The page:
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Accountability Without Punishment

  How can we move beyond a paradigm of punishment? Nonviolence practitioner, mediator, and restorative justice workshop leader Joe Brummer joins Nonviolence Radio for a special show where he shares his experience as a victim of multiple hate crimes to helping people transform conflict and violence into opportunities for healing through restorative practices. Listen Now.  Subscribe to Nonviolence Radio on iTunes podcasts, Stitcher, or RSS.    

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Lesson 4 (Family Program)

“When Ahimsa becomes all-embracing, it transforms everything it touches. There is no limit to its power.”  Activities for Month Three (PRINT VERSION AVAILABLE HERE)  The following activities are options for you to implement as works best for your family throughout the entire month. None are very demanding, but each one requires of us our full presence of mind and heart. You are invited to be creative with the activities: find your own way to make it work for the children with whom you participating. Invite each other to add to the activities in ways that add to their meaning and beauty. Here’s a list of the activities for the month. Find descriptions below. Journal Family Meeting Gandhi Searches for Truth, Reading and Discussion (for whole family) Search for a Nonviolent Future, Reading and Discussion (for older teens and adults) Mealtime Activity Wisdom Tradition Passage Nature Activity Journal Thich Nhat Hanh said the following about empathy: “When you plant lettuce, if it does not grow well, you don’t blame the lettuce. You look for reasons it is not doing well. It may need fertilizer, or more water, or less sun. You never blame the lettuce. Yet if we have problems with our friends or family, we blame the other person. But if we know how to take care of them, they will grow well, like the lettuce. Blaming has no positive effect at all, nor does trying to persuade using reason and argument. That is my experience. No blame, no reasoning, no argument, just understanding. If you understand, and you show that you understand, you can love, and the situation will change” Take time to reflect on these ideas and relate them to a situation you and/or your family may be facing. Family Meeting This could take place around your nonviolence altar. Or in a space that you create intentionally to hold this meeting. Begin the meeting with something beautiful. Maybe a short song or a poem or an inspiring quote. Allow time for quiet reflection. Then, invite each other into the discussion. Suggested topic for this month: Explore the topic of conflict from the perspective that conflict is normal, even healthy, but there are ways of engaging in conflict that do not require us to use violence. Find ways of handling conflicts that draw on creativity, not violence. Explain that this knowledge about conflict is not something that is well understood in our media, but it is understood by peacemakers. N.B. There are no right or wrong answers. The goal of this exercise is to be honest with each other, to try to go a little deeper with each other as a group, and to share from our hearts. The family meeting can also serve as a space to work out problems in a collaborative way (not parents vs. children).   Reading and Discussion with Children: Gandhi Searches for Truth can help grown-ups and children have important conversations about ideas related to nonviolence. It’s most effective when we take our […]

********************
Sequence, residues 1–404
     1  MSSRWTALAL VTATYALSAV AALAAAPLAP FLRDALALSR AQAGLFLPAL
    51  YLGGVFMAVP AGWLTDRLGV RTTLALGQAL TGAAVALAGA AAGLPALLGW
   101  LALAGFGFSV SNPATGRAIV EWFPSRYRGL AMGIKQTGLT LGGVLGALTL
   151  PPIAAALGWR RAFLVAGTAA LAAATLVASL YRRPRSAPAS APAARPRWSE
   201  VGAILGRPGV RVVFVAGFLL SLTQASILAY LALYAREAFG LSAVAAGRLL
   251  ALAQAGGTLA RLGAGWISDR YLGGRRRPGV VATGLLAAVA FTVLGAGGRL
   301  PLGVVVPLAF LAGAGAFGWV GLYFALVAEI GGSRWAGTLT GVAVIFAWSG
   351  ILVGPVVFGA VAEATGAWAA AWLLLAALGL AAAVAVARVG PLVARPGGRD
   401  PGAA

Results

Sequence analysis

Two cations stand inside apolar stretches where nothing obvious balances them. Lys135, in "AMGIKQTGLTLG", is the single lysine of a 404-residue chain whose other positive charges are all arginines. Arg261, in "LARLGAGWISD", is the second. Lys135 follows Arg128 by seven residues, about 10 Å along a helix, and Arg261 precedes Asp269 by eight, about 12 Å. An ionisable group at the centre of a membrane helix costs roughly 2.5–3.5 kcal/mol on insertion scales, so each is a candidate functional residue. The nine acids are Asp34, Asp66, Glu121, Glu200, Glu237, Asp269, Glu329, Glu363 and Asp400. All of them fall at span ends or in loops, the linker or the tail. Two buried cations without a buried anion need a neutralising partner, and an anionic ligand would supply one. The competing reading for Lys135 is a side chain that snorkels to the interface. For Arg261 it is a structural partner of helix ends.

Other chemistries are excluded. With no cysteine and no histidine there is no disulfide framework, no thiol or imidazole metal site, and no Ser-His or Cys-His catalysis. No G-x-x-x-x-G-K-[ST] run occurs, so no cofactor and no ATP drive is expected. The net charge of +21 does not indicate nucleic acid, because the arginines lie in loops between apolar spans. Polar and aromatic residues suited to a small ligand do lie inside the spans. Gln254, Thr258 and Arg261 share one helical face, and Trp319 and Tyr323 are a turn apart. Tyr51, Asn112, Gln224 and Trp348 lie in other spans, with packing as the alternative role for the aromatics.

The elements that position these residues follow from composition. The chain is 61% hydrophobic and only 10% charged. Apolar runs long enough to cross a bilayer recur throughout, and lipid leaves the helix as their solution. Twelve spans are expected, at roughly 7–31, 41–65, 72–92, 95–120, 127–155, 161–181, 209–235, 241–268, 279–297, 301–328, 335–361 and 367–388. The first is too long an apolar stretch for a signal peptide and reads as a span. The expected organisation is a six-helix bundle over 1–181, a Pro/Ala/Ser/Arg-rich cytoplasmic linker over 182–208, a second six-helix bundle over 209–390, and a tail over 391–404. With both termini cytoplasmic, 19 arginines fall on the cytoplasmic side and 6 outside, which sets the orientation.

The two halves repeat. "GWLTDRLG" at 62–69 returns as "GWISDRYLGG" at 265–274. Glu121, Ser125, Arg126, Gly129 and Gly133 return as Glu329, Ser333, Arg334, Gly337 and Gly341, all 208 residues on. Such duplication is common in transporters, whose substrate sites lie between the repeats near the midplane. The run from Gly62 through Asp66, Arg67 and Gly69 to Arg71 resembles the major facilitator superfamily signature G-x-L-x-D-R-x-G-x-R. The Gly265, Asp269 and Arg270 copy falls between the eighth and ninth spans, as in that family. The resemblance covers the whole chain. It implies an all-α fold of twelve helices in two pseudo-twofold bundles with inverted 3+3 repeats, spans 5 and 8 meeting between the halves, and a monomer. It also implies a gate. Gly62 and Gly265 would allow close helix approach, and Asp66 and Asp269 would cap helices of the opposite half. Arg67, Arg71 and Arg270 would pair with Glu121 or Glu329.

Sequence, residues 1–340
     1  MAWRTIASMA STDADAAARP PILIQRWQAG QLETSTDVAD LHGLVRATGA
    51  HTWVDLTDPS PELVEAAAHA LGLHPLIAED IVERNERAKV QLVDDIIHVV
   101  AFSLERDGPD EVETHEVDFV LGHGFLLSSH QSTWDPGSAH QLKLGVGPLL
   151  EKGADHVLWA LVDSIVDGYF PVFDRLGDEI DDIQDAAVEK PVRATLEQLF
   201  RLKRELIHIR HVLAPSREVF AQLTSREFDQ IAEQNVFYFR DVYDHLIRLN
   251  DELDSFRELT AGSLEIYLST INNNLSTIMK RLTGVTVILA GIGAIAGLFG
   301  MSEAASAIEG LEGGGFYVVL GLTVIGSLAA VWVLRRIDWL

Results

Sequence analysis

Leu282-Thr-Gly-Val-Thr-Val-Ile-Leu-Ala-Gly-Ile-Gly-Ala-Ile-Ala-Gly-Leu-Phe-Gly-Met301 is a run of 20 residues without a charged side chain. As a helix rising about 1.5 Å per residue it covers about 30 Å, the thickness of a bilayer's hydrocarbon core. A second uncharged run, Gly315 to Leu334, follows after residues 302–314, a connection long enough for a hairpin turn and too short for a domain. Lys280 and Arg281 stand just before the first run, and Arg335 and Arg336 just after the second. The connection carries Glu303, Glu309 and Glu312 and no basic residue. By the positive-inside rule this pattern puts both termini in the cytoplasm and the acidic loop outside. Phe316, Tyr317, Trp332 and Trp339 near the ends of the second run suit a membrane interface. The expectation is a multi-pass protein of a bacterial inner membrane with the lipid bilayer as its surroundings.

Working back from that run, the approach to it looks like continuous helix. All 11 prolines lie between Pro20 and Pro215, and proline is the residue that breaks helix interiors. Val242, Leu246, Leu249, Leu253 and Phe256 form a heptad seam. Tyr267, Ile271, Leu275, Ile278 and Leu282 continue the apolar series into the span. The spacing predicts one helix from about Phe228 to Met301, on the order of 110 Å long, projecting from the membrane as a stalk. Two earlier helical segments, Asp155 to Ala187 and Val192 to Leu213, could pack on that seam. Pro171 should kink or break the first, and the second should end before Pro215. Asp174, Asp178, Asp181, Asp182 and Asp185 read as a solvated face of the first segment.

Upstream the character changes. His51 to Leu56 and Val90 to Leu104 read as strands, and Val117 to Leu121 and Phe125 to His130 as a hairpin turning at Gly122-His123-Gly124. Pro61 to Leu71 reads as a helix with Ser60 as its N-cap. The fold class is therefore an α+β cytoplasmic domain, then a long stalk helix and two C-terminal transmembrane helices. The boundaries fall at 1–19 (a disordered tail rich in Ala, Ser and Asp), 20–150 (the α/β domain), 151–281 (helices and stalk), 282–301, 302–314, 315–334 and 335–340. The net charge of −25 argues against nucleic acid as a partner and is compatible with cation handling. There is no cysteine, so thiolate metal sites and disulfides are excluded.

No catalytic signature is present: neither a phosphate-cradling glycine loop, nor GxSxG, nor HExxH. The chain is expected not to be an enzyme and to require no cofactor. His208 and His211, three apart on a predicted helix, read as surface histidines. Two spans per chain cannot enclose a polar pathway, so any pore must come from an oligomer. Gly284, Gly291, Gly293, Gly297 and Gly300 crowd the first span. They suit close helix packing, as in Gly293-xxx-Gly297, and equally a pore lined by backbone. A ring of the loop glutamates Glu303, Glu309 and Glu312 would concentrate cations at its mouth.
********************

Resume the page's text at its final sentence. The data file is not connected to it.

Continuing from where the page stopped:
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Combatants for Peace- NV Radio Episode

In 2006, Israeli and Palestinian former combatants, people who had taken an active role in the conflict, laid down their weapons and established Combatants for Peace. The egalitarian, bi-national, grassroots organization was founded on the belief that the cycle of violence can only be broken when Israelis and Palestinians join forces. Committed to joint nonviolence since its foundation, CFP works to both transform and resolve the conflict by ending Israeli occupation and all forms of violence between the two sides and building a peaceful future for both peoples. On this week’s episode, Michael speaks with two members of the bi-national (Israel and Palestine) organization, Combatants for Peace, while they were on tour in Petaluma, California. Listen here for CfP interview or at the bottom of this page. Followed by your dose of Nonviolence in the News, challenging the belief that only violence is newsworthy! (Go here for News). Subscribe to show via iTunes or Stitcher to make playback easier and to always stay up to date with our latest shows!  

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Nonviolence News (Wk of Nov 24)